In November 2014, on the day that the United Kingdom Independence Party in the guise of Mark Reckless was easily gaining a parliamentary seat in a by-election at Rochester & Strood, The Cambridge Union was holding a debate under the motion –
This House Believes UKIP has been Good for British Politics
The debate was opened by Patrick O’Flynn for the proposition. He was followed by Rupert Myers for the opposition. In this video Myers begins at 13:30 and finishes at 24:55.
Myers opens with a harmless little stunt involving sipping from a glass of beer – “This is to demonstrate that I understand UKIP”. A member of the audience points out that for it to represent UKIP it should be bitter not rather insipid-looking lager. Myers’ rejoinder is along the lines of, “if you want to be bitter, wait till after the debate”. Not brilliant but quick, and the audience enjoys it. He is personable, and good with his audience.
Thereafter he buries himself in his script and my heart sinks. He is a talking head. He is a barrister, a man who earns his living speaking in Court, yet gives every impression that he’d want the support of a script before giving you his date of birth.
Ye gods man, get a grip! Lift your face and simply speak! It really isn’t so sophisticated a process, and you will find that what emerges is a lot more engaging and compelling than this tedious regurgitation of something you thought of earlier.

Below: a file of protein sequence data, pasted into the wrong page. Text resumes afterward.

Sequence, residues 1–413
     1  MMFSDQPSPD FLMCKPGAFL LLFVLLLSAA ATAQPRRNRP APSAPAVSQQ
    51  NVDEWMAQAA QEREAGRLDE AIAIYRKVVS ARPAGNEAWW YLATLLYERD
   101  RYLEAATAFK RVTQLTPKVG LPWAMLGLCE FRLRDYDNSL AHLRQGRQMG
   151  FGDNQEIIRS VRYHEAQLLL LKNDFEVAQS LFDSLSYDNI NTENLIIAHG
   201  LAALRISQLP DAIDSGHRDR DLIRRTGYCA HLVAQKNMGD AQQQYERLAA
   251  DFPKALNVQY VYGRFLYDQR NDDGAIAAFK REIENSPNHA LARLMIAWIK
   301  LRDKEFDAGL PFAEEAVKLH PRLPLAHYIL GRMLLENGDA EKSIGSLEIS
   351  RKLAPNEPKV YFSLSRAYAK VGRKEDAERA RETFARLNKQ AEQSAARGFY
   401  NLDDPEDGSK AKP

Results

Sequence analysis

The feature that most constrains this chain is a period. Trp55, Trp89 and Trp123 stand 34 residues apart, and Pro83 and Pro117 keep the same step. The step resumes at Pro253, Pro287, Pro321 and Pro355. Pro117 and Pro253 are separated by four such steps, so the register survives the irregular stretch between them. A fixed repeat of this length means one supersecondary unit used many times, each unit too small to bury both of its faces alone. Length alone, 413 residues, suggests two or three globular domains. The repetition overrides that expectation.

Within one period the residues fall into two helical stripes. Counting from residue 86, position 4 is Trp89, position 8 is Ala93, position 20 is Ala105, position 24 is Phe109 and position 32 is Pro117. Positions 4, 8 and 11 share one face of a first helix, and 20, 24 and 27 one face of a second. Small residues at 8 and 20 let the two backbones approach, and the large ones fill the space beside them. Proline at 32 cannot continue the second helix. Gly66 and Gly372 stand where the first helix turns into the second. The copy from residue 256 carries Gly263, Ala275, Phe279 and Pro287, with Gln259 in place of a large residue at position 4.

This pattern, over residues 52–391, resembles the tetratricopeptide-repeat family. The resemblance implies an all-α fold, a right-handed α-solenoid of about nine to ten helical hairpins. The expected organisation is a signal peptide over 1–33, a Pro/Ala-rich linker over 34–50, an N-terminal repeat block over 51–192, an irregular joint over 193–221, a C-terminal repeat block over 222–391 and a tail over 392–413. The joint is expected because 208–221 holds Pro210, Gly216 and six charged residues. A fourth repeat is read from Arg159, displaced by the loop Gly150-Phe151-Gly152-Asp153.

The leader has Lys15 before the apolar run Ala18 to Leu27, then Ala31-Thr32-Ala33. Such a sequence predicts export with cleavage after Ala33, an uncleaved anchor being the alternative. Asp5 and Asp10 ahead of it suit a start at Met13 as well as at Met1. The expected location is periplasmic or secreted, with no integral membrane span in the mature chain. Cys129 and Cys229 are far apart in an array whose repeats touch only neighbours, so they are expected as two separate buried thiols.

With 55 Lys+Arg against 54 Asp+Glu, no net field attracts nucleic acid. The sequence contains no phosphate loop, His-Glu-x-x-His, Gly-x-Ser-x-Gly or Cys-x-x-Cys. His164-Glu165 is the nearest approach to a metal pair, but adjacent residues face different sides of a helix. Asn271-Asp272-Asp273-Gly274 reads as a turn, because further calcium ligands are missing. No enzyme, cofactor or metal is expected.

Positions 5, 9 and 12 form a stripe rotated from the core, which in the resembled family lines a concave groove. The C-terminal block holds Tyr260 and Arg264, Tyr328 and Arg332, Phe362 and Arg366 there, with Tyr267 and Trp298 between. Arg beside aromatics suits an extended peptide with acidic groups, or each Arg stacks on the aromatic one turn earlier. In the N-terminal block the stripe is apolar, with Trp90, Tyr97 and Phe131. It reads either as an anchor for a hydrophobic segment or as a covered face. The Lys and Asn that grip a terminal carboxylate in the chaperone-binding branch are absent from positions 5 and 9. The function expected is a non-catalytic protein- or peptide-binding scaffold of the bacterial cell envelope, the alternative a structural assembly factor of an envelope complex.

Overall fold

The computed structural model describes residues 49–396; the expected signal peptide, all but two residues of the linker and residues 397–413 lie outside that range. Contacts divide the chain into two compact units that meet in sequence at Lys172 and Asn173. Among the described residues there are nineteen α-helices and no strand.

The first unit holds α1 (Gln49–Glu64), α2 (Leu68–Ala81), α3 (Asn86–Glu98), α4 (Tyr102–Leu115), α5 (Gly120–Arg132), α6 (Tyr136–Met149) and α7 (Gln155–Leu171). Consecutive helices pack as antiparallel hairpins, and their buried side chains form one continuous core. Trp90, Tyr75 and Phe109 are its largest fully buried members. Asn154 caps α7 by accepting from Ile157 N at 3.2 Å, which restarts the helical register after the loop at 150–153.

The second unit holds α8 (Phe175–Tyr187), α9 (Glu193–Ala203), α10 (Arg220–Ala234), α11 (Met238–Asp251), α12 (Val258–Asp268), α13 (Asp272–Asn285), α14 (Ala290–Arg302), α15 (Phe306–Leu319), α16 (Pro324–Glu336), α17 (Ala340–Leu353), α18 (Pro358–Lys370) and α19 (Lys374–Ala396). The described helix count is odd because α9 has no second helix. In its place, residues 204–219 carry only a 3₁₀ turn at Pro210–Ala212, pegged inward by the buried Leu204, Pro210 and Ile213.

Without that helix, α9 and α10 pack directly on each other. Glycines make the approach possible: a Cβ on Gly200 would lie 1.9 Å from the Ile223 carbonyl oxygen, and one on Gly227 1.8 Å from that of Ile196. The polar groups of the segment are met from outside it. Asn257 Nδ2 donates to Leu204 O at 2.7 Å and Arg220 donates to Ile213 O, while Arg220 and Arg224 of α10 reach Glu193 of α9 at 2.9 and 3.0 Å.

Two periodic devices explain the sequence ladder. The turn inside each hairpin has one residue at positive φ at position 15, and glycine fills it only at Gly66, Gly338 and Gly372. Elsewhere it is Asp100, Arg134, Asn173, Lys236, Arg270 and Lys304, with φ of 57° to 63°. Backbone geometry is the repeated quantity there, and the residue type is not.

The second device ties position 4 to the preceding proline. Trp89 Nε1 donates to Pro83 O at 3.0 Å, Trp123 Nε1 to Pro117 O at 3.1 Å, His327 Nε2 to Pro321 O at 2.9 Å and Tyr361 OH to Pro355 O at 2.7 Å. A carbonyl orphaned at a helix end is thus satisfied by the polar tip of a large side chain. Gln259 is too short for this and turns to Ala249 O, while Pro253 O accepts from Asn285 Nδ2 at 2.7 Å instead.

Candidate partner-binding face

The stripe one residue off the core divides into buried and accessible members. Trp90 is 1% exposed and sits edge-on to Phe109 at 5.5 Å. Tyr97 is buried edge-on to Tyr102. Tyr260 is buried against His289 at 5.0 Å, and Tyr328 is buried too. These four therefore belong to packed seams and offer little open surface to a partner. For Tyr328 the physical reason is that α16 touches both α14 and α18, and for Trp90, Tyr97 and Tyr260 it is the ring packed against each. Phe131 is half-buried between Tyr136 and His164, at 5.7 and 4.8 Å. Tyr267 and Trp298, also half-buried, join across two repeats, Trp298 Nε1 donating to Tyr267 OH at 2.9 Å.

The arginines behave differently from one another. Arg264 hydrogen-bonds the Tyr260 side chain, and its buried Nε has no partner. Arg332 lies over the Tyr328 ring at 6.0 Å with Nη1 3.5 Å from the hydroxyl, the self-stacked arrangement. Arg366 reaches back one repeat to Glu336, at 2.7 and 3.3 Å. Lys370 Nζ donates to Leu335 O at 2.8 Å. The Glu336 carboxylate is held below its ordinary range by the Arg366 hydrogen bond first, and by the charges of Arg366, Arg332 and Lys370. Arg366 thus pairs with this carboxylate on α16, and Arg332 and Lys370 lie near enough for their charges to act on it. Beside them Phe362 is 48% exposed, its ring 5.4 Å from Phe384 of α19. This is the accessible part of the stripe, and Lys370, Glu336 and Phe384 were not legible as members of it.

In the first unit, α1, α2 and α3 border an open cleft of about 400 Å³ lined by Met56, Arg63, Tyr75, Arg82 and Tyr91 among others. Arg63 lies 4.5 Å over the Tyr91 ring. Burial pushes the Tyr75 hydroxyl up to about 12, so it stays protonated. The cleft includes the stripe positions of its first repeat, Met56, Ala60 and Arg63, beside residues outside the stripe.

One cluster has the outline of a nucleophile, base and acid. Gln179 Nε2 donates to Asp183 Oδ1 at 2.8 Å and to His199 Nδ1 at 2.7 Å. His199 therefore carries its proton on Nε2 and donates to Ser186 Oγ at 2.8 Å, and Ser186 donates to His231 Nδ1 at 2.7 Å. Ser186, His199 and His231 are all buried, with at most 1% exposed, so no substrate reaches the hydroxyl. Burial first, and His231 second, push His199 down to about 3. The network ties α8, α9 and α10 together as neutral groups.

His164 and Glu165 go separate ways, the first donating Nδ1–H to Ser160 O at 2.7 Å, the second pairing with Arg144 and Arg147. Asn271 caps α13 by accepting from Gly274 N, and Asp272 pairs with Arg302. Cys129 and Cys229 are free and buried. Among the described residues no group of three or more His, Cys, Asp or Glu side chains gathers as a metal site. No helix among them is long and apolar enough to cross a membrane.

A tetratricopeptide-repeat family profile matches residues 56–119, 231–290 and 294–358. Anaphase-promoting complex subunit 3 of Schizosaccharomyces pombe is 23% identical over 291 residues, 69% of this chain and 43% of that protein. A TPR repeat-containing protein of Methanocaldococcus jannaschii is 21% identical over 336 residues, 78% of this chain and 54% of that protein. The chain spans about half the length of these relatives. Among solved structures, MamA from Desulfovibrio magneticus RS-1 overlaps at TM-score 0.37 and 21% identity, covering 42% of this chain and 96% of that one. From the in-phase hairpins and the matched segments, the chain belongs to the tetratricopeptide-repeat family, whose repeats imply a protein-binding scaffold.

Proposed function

There are a few reasons and occasions that compel a speaker to use a script. One such is a need to fit a very precise time slot. These debate time slots are not very precise: you have ten minutes, but do not have to use it all, and can get away with over-running a little. This is a big and forgiving target which he contrives to miss. Myers gets repeatedly warned about over-running and still adds 15% to his allotted time. Furthermore his warnings make him gabble ridiculously. So having a script fails him for that too.
And that is really all I have to say about the delivery of this offering.
As to the content, I’d rather not comment because in a debate it is the other side’s job to do that. I am not only critiquing these speeches one at a time I am deliberately only watching them individually. At this stage I have no idea what is coming next from the proposition, but there could be straw on the carpet.